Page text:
Marsh Pea
Lathyrus palustris
Bean family (Fabaceae)

Description: This perennial wildflower is a vine about 1-4' long that branches occasionally. This vine climbs adjacent vegetation for support using its tendrils. The stems are light green, yellowish green or reddish green, glabrous or nearly so, and either winged, angular, or grooved. Alternate compound leaves occur at intervals along these stems; they are even-pinnate with 2-4 pairs of leaflets (usually there are 3 pairs of leaflets). At the end of each compound leaf, there is a branched tendril. The leaflets are -2" long and 1/6-3/4" (4-20 mm.) wide; they are narrowly elliptic to lanceolate-elliptic in shape and smooth along their margins. The upper blade surface is medium green, while the lower surface is pale green. All parts of the compound leaf are glabrous or nearly so. The petioles and rachises of the compound leaves are light green, yellowish green, or reddish green; they are glabrous or nearly so. At the base of each petiole, there is a pair of stipules about -1" long. Each stipule is half-sagittate or half-hastate in shape; it has a basal lobe that tapers to a point, a tip that tapers to a point, and an outer margin that is usually smooth. Sometimes the foliage of this wildflower is sparsely and minutely pubescent (puberulent).



Individual racemes of 2-8 flowers develop from the axils of compound leaves; the peduncles of these racemes are about as long as, or a little shorter than, the length of the compound leaves. Each flower is about -" long, consisting of 5 petals with a pea-like floral structure, a tubular calyx with 5 teeth, several stamens, and a pistil with a single style. The petals consist of an upright banner and a pair of projecting wings that enclose the keel. These petals can be pink, bluish purple, or white; sometimes they are bicolored with a veiny pink banner and white wings. The calyx is pale green or yellowish green and glabrous. The blooming period occurs from late spring to mid-summer, lasting about 1 month. Afterwards, the flowers are replaced by elongated seedpods about 1-2" long, " across, and flattened. Each seedpod splits open into two valves to release its seeds. The small seeds are globoid in shape and somewhat flattened. The root system is fibrous and rhizomatous. At favorable sites, vegetative colonies of plants often develop from the rhizomes.

Cultivation: The preference is full or partial sun, wet to moist conditions, and soil containing loam or sand. Standing water is tolerated if it is occasional, rather than permanent. In the absence of some kind of structural support, this vine will sprawl across the ground.

Range & Habitat: The native Marsh Pea is occasional in the northern half of Illinois, while in the southern half of the state it is rare or absent (see Distribution Map). More broadly, it has a circumboreal distribution, occurring in both North America and Eurasia. Habitats include wet prairies, interdunal swales, borders of marshes, fens, sedge meadows, low areas along streams, soggy thickets, and swamps. This wildflower occurs in both sandy and non-sandy habitats.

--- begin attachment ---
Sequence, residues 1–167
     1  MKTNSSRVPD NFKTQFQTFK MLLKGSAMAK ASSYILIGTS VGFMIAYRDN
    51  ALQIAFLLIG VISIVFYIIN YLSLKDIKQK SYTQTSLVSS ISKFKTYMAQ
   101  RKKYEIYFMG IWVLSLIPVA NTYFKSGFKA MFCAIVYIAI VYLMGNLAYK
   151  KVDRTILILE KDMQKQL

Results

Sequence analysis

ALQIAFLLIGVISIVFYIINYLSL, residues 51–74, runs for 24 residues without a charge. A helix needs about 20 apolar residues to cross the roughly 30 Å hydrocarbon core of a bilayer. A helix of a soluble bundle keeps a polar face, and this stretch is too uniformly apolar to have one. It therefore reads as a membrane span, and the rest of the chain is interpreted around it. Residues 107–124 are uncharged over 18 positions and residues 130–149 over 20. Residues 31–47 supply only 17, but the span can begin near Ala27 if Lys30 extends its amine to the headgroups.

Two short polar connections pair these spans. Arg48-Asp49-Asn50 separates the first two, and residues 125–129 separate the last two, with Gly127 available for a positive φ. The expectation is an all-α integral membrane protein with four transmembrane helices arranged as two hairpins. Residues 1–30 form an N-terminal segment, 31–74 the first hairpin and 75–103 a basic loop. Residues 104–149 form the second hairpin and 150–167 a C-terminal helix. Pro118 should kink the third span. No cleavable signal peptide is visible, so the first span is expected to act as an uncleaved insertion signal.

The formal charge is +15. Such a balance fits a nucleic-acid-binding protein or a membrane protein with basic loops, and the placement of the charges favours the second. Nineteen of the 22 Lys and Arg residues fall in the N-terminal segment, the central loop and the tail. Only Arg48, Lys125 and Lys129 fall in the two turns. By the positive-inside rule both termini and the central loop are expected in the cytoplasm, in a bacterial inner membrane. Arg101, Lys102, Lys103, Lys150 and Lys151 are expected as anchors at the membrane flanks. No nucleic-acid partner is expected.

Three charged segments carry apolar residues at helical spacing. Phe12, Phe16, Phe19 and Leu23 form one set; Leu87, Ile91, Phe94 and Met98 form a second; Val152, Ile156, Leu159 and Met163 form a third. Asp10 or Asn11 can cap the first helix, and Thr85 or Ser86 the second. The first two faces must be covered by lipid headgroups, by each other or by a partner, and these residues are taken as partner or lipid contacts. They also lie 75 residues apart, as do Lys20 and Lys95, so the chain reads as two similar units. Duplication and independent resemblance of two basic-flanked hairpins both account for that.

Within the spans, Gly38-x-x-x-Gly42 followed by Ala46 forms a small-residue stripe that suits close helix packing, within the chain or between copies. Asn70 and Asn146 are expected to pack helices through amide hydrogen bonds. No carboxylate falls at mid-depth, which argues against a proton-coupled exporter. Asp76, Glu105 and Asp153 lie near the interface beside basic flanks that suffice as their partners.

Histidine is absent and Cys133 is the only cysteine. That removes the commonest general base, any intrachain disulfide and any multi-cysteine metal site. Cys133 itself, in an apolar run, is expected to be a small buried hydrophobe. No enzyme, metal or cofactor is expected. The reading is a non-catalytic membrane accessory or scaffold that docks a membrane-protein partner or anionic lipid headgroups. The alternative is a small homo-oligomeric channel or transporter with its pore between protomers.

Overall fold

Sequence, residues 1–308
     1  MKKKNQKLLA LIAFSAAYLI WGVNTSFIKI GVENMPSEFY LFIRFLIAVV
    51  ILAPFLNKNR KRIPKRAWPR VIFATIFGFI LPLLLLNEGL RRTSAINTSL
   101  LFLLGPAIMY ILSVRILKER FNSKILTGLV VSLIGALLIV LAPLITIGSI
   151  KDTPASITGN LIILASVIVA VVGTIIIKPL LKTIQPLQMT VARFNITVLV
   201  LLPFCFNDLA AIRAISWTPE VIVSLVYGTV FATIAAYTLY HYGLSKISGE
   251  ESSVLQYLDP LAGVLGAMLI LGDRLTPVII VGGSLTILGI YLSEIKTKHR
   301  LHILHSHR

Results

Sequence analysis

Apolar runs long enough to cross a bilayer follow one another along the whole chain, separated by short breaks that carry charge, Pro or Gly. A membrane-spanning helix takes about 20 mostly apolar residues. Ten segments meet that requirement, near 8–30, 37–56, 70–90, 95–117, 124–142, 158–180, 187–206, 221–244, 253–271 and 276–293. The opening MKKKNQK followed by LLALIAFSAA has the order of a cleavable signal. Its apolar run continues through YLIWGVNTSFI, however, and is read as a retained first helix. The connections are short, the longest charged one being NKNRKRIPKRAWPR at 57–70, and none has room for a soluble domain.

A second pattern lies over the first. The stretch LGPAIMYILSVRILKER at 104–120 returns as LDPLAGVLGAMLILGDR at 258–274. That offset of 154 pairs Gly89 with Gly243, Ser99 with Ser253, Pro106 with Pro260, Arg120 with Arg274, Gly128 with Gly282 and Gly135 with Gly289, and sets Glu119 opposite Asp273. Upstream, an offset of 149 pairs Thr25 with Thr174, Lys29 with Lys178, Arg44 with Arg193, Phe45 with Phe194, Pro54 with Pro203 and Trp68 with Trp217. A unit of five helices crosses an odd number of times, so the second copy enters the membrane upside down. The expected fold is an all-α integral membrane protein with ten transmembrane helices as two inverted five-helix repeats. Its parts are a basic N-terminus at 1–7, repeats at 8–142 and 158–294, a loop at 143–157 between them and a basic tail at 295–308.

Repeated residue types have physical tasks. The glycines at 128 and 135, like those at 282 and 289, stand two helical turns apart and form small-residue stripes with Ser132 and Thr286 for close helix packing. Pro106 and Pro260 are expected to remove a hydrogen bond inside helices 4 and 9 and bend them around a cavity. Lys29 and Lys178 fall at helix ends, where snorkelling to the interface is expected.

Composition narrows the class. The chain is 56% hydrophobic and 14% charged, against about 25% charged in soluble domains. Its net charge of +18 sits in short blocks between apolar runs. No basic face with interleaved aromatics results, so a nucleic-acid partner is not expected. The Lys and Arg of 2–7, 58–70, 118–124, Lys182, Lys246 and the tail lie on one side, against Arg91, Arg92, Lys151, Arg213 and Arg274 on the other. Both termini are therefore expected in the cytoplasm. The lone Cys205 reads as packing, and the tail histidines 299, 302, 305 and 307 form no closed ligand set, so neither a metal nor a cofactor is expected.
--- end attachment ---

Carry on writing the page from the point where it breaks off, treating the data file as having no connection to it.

Faunal Associations: The flowers attract primarily bumblebees and other long-tongued bees that feed mostly on nectar. Other insects feed on foliage, flower tissues, or plant juices of Marsh Pea and other Lathyrus spp. These species include Acyrthosiphon pisum (Pea Aphid), caterpillars of the butterflies Everes comyntas (Eastern Tailed Blue) and Leptotes marina (Marine Blue), and Cerotoma trifurcata (Bean Leaf Beetle). In the past, the seeds of Lathyrus spp. were eaten by the extinct Passenger Pigeon.

Photographic Location: An interdunal swale at the Indiana Dunes National Lakeshore in NW Indiana. The photographed plant is Lathyrus palustris myrtifolius.



Comments:
Marsh Pea is a variable species that has been divided into several varieties, subspecies, or species in the past. As described by Mohlenbrock (2008), the typical variety of Marsh Pea has winged stems and narrow leaflets, while var. myrtifolius has stems that are angular and leaflets that are more broad. At one time, this latter variety was even considered a distinct species, Lathyrus myrtifolius (see Britton & Brown, 1913/1970, Vol. 2). Today, most authorities no longer recognize these varieties, subspecies, or species, lumping them all together under Lathyrus palustris. Regardless of its variations, Marsh Pea can be distinguished from other Lathyrus spp. in Illinois by the number of leaflets per compound leaf (typically 6), the number of flowers per raceme (2-8), and the shape of its individual stipules (half-sagittate to half-hastate). For example, Lathyrus maritimus (Beach Pea), which is found on beaches along Lake Michigan, has individual stipules with a complete sagittate to hastate shape. Another species, Lathyrus venosus (Veiny Pea), has more leaflets per compound leaf and more flowers per raceme than Marsh Pea. In contrast to the native species, non-native Lathyrus spp. within the state have only 2 leaflets per compound leaf.

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